Delivering high octane and energetic hooks, LPX bursted onto the scene last year with her debut EP ‘Bolt In The Blue’ which introduced her to the world as a solo artist. The MS MR front woman has graced some of the biggest stages all over the world with her synth pop-rock counterpart but she’s returned to her roots for a brand new project. With the second EP due to be released next month, the lead single ‘Might Not Make It Home’ introduces a new found euphoric energy to Lizzy Palpinger. Capturing the euphoric rush of adrenaline and carefree atmosphere that the streets of New York embodies, she reflects on her wild and euphoric nights out in the Big Apple.
Whilst Lizzy is in Australia for Falls Festival I chatted to her before her headline show in Sydney about the transition from ‘Bolt in The Blue’ into the new EP, the way her vulnerability has evolved and reminisced about the last year of solo shows. Check out the chat HERE;
TB: ‘Might Not Make It Home’ is this euphoric pop-rock song that is full of adrenaline and reflects on the magical idea that anything could happen on a night out in New York City. So what is one of the most magical or craziest nights you’ve had out in the Big Apple?
LPX: I mean honestly, the song is written as a homage to a number of those nights. So everything from skipping between the trash on the street to going to a bar and making out with someone whose name I didn’t know because the music was too loud when they told me and I was too awkward to ask again because it was four hours later and felt rude *laughs*. So yeah, it’s like a big college of all of those night owl moments. And it’s truly one of my favourite things about New York. I love walking across the Williamsburg bridge home as the sun is going up and drinking because it’s is so incredibly magical.
It was so awesome shooting the music video because it was just me and a bunch of friends running around with a camcorder and we were like “we are just going to live the song” and capture it. So we ran around to all of our favourite bars and places in New York and stayed out from sunset to dawn. We went to this pizza place that I used to always go to when I first moved to New York. And basically when I first moved I lived between four pizza places and one night I was super broke and couldn’t afford a slice so I kissed one of the men there for a slice *laughs*. I hadn’t seen them for years and as we walked in to film they were like “Lizzy, we haven’t seen you in 5 years” and gave me and everyone I was with free pizza which was funny. It was such a wild and fun night being drunk in times square and singing with strangers and just being free. So to me that’s what this song and New York is all about. It’s special and unpredictable.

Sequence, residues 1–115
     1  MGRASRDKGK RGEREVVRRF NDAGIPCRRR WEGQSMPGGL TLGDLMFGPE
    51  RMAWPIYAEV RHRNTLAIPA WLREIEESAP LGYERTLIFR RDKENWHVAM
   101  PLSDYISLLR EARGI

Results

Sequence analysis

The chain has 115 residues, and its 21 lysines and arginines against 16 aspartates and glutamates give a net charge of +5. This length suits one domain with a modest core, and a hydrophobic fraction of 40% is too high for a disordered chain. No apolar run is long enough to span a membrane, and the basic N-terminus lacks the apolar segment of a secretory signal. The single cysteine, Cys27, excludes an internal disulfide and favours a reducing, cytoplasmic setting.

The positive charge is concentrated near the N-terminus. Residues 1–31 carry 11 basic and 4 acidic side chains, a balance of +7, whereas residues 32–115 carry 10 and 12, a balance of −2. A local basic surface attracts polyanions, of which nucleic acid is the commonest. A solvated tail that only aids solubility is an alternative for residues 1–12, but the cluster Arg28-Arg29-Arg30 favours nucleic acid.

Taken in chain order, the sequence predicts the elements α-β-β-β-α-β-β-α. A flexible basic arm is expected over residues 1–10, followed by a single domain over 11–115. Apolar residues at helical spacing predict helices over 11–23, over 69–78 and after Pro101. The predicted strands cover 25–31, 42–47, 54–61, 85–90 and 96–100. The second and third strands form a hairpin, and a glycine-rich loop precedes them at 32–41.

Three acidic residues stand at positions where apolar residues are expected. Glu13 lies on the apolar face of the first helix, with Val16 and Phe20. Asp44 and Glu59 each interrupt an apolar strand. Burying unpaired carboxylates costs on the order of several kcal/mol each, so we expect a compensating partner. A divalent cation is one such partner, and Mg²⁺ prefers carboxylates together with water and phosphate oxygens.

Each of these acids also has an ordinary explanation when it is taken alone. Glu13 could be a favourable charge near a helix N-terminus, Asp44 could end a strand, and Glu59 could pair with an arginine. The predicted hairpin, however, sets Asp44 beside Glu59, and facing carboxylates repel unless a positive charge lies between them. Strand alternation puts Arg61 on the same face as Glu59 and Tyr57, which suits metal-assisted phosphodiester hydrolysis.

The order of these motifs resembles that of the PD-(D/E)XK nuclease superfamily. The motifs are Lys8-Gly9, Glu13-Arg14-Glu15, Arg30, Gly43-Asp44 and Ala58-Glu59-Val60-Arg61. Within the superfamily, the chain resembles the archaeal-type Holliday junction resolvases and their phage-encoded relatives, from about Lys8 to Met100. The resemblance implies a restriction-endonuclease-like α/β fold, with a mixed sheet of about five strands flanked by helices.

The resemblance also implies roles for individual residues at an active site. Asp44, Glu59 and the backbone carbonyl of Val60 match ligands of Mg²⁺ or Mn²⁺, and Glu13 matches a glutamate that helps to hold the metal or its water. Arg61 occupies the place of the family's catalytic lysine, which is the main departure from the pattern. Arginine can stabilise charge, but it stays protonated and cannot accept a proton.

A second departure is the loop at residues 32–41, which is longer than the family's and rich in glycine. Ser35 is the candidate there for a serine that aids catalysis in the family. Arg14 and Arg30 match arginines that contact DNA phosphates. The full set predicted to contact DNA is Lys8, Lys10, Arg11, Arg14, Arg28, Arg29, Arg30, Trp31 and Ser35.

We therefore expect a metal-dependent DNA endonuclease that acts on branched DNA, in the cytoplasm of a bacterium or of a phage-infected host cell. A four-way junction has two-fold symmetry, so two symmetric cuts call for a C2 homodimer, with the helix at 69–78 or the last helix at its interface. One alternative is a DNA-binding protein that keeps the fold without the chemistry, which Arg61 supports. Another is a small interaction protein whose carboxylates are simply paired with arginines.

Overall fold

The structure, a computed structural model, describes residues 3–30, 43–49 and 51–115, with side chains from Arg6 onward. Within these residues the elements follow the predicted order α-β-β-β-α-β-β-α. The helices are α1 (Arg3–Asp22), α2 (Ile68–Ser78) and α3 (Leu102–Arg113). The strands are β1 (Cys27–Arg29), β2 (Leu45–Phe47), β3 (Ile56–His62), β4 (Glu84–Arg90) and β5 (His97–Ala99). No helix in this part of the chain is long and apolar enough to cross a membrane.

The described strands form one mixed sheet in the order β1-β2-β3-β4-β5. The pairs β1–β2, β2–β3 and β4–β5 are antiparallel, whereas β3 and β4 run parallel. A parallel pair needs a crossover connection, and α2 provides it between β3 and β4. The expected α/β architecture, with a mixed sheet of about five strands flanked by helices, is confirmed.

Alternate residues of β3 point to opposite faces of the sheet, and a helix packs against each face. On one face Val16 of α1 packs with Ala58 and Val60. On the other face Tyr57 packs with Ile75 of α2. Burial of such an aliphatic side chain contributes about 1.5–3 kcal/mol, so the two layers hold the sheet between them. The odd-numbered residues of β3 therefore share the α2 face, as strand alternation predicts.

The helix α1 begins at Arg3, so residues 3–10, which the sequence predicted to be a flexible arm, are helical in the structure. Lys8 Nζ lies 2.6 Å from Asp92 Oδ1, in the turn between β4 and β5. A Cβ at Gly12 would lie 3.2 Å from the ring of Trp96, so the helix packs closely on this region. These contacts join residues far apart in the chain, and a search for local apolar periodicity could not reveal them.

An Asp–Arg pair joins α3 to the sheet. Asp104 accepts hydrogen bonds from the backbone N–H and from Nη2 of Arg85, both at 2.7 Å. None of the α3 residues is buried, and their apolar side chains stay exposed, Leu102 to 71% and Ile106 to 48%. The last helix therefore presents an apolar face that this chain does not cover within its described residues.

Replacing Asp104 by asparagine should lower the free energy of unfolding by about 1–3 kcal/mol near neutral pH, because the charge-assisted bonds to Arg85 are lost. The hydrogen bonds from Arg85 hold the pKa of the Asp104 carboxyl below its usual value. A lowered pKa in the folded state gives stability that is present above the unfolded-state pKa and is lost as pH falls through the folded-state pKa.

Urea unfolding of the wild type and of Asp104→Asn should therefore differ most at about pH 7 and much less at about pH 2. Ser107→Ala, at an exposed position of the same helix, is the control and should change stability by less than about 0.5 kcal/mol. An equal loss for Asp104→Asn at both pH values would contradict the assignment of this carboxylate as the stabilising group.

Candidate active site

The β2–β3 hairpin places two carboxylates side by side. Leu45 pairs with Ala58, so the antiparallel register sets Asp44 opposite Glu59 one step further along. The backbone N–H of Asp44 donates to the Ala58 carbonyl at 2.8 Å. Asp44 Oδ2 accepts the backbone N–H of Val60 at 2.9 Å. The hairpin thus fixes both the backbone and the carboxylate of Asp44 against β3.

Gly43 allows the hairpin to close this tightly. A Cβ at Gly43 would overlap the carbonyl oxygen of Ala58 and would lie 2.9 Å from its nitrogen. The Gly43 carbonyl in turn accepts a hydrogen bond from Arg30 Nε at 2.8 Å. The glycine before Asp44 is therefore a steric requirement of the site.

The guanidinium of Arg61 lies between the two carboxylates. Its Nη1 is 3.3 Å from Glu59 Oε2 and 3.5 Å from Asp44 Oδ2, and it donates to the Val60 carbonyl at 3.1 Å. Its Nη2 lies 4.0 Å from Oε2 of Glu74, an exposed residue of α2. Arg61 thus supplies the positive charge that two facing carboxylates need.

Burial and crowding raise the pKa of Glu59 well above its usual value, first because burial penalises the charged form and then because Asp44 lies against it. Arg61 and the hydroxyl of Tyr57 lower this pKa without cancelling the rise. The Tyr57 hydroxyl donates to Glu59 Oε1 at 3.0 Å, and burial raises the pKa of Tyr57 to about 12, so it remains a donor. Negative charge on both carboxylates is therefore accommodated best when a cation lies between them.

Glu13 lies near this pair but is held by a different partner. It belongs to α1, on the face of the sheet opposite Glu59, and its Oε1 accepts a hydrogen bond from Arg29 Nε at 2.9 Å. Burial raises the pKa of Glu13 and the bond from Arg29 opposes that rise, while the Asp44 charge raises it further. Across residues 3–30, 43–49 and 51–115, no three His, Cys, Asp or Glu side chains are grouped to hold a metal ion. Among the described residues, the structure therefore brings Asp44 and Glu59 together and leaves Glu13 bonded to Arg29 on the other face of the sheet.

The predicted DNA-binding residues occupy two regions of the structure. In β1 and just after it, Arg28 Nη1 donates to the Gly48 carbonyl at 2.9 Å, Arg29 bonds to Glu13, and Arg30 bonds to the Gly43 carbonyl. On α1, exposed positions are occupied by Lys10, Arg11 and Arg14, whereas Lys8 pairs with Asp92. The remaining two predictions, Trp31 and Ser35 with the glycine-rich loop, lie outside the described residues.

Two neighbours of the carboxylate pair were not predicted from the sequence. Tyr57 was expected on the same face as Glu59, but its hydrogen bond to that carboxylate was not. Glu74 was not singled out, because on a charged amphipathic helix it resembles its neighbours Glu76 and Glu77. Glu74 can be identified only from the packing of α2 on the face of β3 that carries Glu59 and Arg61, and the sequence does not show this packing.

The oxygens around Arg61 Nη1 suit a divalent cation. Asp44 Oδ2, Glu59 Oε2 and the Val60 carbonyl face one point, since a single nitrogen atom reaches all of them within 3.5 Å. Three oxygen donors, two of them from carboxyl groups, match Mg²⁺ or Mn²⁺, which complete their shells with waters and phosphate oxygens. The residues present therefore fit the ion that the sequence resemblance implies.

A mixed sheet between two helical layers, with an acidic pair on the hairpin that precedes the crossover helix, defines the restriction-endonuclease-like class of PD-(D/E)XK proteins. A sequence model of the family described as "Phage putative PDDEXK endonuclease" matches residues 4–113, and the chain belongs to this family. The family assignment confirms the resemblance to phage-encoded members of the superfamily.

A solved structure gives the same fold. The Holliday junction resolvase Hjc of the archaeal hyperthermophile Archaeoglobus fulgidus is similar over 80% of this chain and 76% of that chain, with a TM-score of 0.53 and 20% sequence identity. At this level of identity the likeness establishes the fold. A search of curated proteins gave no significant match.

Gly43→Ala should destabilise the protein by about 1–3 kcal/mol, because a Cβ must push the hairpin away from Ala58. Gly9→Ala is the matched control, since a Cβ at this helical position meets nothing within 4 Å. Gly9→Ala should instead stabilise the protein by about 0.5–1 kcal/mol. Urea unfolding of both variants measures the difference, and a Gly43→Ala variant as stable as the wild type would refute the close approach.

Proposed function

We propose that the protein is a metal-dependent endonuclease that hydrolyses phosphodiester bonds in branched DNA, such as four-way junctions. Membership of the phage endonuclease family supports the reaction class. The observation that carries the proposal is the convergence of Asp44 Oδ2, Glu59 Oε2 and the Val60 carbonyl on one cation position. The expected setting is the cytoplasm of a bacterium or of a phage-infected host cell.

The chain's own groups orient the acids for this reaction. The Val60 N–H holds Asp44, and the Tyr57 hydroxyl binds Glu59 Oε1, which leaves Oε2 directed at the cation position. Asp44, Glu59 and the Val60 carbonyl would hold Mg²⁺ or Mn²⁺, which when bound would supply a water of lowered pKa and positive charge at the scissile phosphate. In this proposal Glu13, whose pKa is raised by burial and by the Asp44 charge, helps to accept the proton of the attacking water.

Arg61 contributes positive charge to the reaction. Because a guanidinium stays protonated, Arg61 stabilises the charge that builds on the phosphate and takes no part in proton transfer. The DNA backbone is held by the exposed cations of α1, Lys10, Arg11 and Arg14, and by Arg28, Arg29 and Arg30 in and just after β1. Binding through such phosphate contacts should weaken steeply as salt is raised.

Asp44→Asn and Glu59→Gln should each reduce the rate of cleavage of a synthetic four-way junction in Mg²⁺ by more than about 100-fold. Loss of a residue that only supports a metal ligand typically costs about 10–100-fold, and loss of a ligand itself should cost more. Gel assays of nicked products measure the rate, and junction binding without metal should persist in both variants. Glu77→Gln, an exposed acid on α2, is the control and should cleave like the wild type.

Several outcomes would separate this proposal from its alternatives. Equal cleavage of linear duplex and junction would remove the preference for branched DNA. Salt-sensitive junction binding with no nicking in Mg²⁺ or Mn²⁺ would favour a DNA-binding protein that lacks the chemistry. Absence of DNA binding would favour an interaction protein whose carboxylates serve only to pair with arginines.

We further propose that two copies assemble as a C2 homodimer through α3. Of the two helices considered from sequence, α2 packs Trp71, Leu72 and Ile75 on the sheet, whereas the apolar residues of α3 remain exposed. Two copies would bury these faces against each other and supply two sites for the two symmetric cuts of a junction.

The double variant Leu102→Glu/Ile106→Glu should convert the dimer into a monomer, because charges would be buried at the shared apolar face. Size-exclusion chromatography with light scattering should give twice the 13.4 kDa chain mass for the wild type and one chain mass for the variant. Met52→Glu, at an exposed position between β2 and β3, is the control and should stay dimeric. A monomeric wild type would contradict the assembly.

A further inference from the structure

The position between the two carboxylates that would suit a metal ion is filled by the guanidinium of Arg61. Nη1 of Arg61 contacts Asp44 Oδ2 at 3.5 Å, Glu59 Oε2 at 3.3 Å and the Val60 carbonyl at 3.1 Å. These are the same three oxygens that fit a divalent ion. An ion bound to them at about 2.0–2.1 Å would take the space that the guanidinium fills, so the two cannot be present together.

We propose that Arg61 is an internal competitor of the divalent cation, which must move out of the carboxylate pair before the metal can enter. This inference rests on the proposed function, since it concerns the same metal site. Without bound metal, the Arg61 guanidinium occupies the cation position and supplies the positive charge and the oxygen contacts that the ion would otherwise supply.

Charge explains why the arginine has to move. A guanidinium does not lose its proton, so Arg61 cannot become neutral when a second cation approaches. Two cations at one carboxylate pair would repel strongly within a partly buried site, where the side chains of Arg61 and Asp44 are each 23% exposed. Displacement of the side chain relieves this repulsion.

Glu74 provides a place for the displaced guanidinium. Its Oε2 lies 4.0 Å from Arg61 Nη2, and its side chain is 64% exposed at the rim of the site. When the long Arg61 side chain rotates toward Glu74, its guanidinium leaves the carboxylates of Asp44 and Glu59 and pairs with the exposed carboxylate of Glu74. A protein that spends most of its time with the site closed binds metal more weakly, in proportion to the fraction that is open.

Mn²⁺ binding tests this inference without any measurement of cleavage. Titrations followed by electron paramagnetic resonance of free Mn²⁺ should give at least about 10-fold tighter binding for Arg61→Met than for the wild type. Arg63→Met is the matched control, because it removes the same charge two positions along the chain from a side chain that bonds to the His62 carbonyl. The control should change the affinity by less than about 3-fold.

TB: I agree with you 100%. I feel like New York has this unique and special energy where anything can happen. And no matter what your mood is or what is happening in your life, it can pick you up and transport you. Like when I was there I was going through a really bad break up and I was unconsolable but one night I was walking around the city streets at 2am listening to a song on repeat and immediately felt calm and at peace with the situation because of the energy of the city.
LPX: Oh totally! I feel that so much, especially when you’re going through a break up. It’s been so many nights like that where at 1 am I’m feeling really down and decide I’m going to go home but then run into a group of friends and next thing I know it’s 7am in the morning and everything is a blur.
TB: Your songs have this really cinematic feel to them, would you say they have almost become the soundtrack to some of your most vulnerable and euphoric moments?
LPX: Thank you! Oh, 100%. I’m not someone who can get up and write a song everyday, I’m not that type of artist. I can only really write a song when it’s literally spilling out of me. With the first EP you had ‘Bolt In The Blue’ which was this political anthem because I was so angry and fired up about Trump, which I still am. And then you had ‘Tremble’ which came out of a brutal break up I was going through at the time. ‘Tightrope’ was about hurling myself into the LPX project, so I think I am always using music to get through and elevate a soundtrack to my life and tackle hurdles. ‘Might Not Make It Home’ was a bit of a different writing experience for me because I am a pretty positive person in general but I find that when I write music I get to be the most dramatic version of myself and that opens a dark side.
2017 and 2018 were really hard and dark years on such a political and spiritual level so I wanted to write something that felt like an escape from that. For three minutes I wanted it to pull you out of it and feel blissful. So for me it was great to go into the studio and want to write such an empowering song and it really pulled me out of my own darkness at the time.